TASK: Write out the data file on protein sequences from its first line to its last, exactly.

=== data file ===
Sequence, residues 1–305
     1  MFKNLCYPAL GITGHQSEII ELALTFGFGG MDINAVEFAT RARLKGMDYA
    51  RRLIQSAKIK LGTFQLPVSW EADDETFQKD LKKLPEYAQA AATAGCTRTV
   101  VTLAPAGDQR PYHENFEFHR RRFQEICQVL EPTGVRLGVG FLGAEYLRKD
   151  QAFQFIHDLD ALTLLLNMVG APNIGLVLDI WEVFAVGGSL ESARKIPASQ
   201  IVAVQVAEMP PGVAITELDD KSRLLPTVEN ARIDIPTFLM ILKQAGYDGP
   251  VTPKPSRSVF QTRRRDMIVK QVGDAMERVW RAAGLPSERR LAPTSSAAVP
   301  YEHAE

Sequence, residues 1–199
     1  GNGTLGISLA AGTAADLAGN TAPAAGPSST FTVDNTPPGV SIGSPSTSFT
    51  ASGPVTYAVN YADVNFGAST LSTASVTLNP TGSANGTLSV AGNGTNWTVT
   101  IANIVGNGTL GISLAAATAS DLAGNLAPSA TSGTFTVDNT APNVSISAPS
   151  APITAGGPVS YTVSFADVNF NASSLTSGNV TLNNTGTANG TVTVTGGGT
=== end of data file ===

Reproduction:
Sequence, residues 1–305
     1  MFKNLCYPAL GITGHQSEII ELALTFGFGG MDINAVEFAT RARLKGMDYA
    51  RRLIQSAKIK LGTFQLPVSW EADDETFQKD LKKLPEYAQA AATAGCTRTV
   101  VTLAPAGDQR PYHENFEFHR RRFQEICQVL EPTGVRLGVG FLGAEYLRKD
   151  QAFQFIHDLD ALTLLLNMVG APNIGLVLDI WEVFAVGGSL ESARKIPASQ
   201  IVAVQVAEMP PGVAITELDD KSRLLPTVEN ARIDIPTFLM ILKQAGYDGP
   251  VTPKPSRSVF QTRRRDMIVK QVGDAMERVW RAAGLPSERR LAPTSSAAVP
   301  YEHAE

Sequence, residues 1–199
     1  GNGTLGISLA AGTAADLAGN TAPAAGPSST FTVDNTPPGV SIGSPSTSFT
    51  ASGPVTYAVN YADVNFGAST LSTASVTLNP TGSANGTLSV AGNGTNWTVT
   101  IANIVGNGTL GISLAAATAS DLAGNLAPSA TSGTFTVDNT APNVSISAPS
   151  APITAGGPVS YTVSFADVNF NASSLTSGNV TLNNTGTANG TVTVTGGGT